This is one thing I never thought I would do but I’m so glad I did. The feeling of free falling is such a surreal and unique experience that it’s almost impossible to describe, but it’s something I’ll never forget. I spent the majority of it deafening the man I was strapped to with my screams whilst desperately trying to compose myself for a photo. The views after the parachute opened (of Lake Taupo, Mount Doom and scenery straight out of Lord of the Rings) were immense, but when I look back on those 60 seconds of free falling, they were like no other.

I’ve never been particularly scared of heights and I naively didn’t think I would be too nervous about doing it, but when it came to that 15 minute plane ride I was absolutely terrified. When I landed I felt the biggest adrenaline rush I have ever felt, which continued for the rest of the day and into the night. The feeling of accomplishment I get from overcoming something that scares me is like no other, and I would do another skydive again in a heartbeat.

You can find out more about skydiving in Taupo here

Managing to stop screaming long enough to smile!

My view of lake Taupo on the way down

It wasn’t easy to narrow down my experiences to 10, and I hope that with time it will only get more difficult!

Has anyone else experienced any of these moments? Feel free to add your own top travelling experience below.

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Photo essay: Finding both hope and devastation in Christchurch

Art reflecting the thoughts of the residents of Christchurch

I didn’t expect to spend any time in Christchurch, but after a change in my flight time I found myself with half a day to explore it, and I’m glad I did.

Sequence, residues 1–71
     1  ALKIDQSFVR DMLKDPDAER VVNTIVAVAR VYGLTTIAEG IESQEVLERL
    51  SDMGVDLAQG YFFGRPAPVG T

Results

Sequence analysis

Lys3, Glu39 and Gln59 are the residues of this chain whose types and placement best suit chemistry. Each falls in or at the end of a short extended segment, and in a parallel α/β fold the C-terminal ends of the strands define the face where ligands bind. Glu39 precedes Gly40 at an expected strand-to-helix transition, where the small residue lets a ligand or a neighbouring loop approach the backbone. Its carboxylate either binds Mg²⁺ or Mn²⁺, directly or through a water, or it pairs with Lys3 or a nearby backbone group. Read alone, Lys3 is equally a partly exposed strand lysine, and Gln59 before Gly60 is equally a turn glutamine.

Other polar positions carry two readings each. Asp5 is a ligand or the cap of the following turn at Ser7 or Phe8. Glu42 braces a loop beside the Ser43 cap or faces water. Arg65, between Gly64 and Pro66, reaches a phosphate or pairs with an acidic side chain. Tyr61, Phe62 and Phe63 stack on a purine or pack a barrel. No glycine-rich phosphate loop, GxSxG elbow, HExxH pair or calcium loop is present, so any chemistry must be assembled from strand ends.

I had heard about the earthquake of February 2011 on the news but in all honesty I had never paid that much attention to it. Yes it was tragic and it made me sad, but like everything else you see on the TV I felt completely removed from the situation.

Although this wasn’t the first earthquake Christchurch had suffered, it was the second most deadly natural disaster New Zealand has ever seen and it claimed the lives of 185 people.

It did not just destroy lives, but the heart and soul of the city. It wasn’t the countryside or the less visited suburbs that were worst effected, but the city centre of Christchurch. It is estimated that around 60% of the historic city centre was destroyed by the earthquake.

A map of the centre of Christchurch. The red section represents the area closed off to the public due to damage from the earthquake.

What was once the heart of the city is now closed off and abandoned

High street shops and malls on the main shopping stretch – it was surreal and eerie to see them completely empty

Of the 3,000 buildings inspected within the Four Avenues of the central city by 3 March, 45% had been given red or yellow stickers to restrict access because of the safety problems. Many heritage buildings were given red stickers after inspections and One thousand of the 4000 buildings within the Four Avenues were expected to be demolished. Even in the suburbs it was estimated that 10,000 houses would need to be demolished, and liquefaction damage meant that some parts of Christchurch could not be rebuilt on.